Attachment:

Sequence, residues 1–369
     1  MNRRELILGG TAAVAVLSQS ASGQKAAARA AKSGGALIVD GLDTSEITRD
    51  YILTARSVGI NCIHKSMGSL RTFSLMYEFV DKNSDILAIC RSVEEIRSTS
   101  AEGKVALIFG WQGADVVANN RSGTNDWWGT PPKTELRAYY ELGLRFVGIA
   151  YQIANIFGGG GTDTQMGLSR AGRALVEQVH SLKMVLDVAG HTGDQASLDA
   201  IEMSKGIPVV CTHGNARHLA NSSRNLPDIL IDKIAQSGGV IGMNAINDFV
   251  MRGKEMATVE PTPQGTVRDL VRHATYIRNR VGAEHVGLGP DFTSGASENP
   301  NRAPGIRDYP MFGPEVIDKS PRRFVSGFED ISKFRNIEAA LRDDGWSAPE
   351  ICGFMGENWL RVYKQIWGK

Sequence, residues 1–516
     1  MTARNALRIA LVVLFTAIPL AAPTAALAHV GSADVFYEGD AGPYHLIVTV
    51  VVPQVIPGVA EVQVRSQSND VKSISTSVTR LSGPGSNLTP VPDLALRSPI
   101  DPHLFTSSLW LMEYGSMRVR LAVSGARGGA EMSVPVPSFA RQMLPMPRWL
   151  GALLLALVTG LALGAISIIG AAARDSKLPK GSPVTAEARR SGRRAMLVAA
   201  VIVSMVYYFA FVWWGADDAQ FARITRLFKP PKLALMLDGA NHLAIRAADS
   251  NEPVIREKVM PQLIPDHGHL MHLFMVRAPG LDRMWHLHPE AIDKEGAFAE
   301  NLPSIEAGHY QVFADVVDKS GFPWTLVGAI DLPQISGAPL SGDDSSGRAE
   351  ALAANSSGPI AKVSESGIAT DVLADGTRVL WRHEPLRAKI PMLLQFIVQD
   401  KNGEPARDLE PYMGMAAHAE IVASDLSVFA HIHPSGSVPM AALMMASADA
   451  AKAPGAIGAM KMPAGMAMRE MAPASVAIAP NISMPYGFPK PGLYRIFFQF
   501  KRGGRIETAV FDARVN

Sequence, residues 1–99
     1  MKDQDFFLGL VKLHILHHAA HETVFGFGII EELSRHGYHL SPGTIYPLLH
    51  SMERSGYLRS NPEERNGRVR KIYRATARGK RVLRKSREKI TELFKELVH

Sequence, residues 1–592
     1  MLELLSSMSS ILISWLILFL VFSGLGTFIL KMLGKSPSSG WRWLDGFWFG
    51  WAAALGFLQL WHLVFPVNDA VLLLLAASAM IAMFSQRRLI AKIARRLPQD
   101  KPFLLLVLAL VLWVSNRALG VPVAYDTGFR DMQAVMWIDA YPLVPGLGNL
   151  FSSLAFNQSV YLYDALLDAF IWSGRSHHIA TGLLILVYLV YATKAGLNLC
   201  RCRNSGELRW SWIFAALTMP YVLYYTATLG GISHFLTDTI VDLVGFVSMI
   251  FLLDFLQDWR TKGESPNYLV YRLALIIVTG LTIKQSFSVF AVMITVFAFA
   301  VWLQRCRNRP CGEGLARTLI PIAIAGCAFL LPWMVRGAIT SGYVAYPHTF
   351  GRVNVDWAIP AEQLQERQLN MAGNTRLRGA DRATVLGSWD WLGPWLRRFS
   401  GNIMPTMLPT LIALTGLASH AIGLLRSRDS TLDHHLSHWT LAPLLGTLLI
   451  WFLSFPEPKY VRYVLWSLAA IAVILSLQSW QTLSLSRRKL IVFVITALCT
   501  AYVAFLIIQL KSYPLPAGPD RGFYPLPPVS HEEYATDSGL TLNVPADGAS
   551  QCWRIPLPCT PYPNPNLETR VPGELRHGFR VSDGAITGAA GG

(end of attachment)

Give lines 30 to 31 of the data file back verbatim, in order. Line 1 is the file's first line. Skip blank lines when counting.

   201  RCRNSGELRW SWIFAALTMP YVLYYTATLG GISHFLTDTI VDLVGFVSMI
   251  FLLDFLQDWR TKGESPNYLV YRLALIIVTG LTIKQSFSVF AVMITVFAFA